Sloan, Samuel, 1815-1884 / Sloan's homestead architecture, containing forty designs for villas, cottages, and farm houses, with essays on style, construction, landscape gardening, furniture, etc. etc.
Exterior joinery, pp. 237-246 ff.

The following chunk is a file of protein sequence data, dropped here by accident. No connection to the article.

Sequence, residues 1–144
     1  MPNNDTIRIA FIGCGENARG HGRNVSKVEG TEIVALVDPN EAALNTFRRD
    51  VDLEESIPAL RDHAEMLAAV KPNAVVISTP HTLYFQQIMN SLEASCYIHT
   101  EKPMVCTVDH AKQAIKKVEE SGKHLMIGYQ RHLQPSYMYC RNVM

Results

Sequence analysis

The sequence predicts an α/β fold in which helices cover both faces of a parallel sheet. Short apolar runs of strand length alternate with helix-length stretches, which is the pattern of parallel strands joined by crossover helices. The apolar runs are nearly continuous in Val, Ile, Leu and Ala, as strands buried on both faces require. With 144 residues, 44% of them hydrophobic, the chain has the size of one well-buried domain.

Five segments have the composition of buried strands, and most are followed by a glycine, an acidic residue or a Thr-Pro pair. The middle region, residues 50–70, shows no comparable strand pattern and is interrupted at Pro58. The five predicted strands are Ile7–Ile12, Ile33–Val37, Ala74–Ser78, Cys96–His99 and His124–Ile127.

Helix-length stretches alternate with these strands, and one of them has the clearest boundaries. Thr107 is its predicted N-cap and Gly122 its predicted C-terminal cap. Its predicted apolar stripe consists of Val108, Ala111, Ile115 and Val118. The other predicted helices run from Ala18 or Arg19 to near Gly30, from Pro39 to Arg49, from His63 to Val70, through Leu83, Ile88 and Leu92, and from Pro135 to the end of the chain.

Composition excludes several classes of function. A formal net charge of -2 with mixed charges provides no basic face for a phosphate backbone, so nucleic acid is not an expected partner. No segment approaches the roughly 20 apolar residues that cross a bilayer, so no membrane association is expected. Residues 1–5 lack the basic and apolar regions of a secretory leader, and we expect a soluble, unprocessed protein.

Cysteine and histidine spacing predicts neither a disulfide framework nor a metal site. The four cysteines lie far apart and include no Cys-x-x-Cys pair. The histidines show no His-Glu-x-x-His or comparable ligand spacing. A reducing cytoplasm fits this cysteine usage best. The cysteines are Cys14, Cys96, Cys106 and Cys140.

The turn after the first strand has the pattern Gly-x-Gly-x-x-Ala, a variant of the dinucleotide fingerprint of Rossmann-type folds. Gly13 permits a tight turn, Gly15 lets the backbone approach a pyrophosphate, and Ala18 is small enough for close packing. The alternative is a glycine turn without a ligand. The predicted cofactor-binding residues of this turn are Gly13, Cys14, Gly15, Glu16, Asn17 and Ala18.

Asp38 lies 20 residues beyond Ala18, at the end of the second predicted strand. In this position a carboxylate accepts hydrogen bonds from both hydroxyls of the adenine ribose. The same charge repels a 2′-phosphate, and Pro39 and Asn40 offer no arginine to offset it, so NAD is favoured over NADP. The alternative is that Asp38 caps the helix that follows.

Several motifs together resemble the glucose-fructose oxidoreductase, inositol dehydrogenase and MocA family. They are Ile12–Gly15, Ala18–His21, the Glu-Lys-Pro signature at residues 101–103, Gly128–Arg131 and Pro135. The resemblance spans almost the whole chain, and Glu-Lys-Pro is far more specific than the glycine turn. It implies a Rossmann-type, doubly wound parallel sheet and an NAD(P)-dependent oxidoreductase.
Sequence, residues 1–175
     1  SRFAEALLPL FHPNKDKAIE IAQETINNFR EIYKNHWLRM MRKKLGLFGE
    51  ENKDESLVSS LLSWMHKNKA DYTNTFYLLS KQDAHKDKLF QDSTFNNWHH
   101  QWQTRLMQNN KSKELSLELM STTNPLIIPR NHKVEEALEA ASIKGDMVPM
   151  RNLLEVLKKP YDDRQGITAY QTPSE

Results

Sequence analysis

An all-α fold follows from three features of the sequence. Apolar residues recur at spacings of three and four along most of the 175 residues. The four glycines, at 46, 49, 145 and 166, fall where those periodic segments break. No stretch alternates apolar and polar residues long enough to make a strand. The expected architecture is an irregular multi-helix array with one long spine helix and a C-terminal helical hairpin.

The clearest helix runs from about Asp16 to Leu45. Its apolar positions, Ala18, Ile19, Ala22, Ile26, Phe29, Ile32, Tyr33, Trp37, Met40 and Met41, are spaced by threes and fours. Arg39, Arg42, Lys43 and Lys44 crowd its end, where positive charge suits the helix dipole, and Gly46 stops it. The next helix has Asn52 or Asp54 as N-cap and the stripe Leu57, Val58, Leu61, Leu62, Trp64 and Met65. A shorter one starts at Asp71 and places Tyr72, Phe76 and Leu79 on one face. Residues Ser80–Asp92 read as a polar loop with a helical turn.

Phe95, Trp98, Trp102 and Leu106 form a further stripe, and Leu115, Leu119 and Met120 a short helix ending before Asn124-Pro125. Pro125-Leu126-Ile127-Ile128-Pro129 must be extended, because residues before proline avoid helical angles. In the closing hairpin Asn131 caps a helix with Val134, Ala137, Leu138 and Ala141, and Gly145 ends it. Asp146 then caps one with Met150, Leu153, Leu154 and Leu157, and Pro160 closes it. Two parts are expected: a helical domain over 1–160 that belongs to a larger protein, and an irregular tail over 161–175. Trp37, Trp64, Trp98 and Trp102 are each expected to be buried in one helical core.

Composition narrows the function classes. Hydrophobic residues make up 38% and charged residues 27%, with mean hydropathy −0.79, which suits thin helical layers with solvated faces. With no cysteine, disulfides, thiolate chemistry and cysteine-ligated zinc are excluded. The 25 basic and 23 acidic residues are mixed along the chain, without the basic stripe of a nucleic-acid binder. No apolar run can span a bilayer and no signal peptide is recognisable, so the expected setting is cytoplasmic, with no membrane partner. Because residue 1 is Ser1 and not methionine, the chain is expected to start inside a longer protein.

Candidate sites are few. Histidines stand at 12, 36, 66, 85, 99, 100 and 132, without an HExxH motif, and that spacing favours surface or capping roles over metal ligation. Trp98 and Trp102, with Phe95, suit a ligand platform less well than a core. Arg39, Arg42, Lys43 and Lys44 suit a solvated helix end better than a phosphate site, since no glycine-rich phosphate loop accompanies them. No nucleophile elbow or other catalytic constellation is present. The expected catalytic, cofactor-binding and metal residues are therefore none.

UNDER this head, we propose to say something about the construction of verandas, cornices, etc. Properly, the first point considered in this connection is the quality of wood used for the purpose. It is requisite that the kind of wood chosen should be naturally durable, and as free from incidental defec- tions as possible, such as shakes, knot-holes, etc., and at the same time of such a degree of solidity as is consistent with economy in converting it into the forms and details adopted in exterior finish. Of all the woods with which this continent abounds, none is more universally used for external mouldings, cornices, and brackets, than the well-known white pine. The readiness with which it can be cut, planed, and inoulded; its lightness, the ease with which it can be secured by nails, screws, and glue, together with its durability, make it a favorite in all sections where it can readily be procured by importation. It grows in great abundance in Canada, in portions of the North- ern States from Maine to Oregon, extending as far South as Virginia. From this it follows that its transportation to the most remote sections of the country is easily accomplished over the great na- tional thoroughfare, the Mississippi River and its tributaries, and through the interior by the numerous (23'~)
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